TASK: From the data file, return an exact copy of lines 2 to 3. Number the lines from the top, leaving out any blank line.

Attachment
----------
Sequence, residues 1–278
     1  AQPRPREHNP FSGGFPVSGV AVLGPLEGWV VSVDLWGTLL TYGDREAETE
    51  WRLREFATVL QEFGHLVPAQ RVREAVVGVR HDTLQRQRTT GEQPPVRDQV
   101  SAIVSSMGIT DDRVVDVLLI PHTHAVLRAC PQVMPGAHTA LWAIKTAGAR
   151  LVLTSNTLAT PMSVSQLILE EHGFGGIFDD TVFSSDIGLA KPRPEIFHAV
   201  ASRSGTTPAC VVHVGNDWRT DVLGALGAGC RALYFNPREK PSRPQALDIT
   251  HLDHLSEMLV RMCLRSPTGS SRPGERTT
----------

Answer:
     1  AQPRPREHNP FSGGFPVSGV AVLGPLEGWV VSVDLWGTLL TYGDREAETE
    51  WRLREFATVL QEFGHLVPAQ RVREAVVGVR HDTLQRQRTT GEQPPVRDQV